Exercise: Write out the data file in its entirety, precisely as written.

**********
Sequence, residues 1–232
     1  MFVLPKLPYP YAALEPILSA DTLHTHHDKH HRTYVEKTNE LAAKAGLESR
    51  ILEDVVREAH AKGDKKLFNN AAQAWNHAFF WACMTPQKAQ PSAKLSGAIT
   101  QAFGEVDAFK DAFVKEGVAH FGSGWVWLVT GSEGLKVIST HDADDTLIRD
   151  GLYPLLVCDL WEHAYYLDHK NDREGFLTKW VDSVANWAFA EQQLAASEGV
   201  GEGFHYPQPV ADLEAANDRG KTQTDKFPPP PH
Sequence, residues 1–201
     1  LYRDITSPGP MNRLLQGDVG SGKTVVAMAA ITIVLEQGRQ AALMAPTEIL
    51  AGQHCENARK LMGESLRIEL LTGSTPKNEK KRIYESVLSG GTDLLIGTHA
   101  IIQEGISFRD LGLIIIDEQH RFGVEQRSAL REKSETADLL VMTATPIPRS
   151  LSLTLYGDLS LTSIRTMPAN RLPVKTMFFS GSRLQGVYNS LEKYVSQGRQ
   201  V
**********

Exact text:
Sequence, residues 1–232
     1  MFVLPKLPYP YAALEPILSA DTLHTHHDKH HRTYVEKTNE LAAKAGLESR
    51  ILEDVVREAH AKGDKKLFNN AAQAWNHAFF WACMTPQKAQ PSAKLSGAIT
   101  QAFGEVDAFK DAFVKEGVAH FGSGWVWLVT GSEGLKVIST HDADDTLIRD
   151  GLYPLLVCDL WEHAYYLDHK NDREGFLTKW VDSVANWAFA EQQLAASEGV
   201  GEGFHYPQPV ADLEAANDRG KTQTDKFPPP PH
Sequence, residues 1–201
     1  LYRDITSPGP MNRLLQGDVG SGKTVVAMAA ITIVLEQGRQ AALMAPTEIL
    51  AGQHCENARK LMGESLRIEL LTGSTPKNEK KRIYESVLSG GTDLLIGTHA
   101  IIQEGISFRD LGLIIIDEQH RFGVEQRSAL REKSETADLL VMTATPIPRS
   151  LSLTLYGDLS LTSIRTMPAN RLPVKTMFFS GSRLQGVYNS LEKYVSQGRQ
   201  V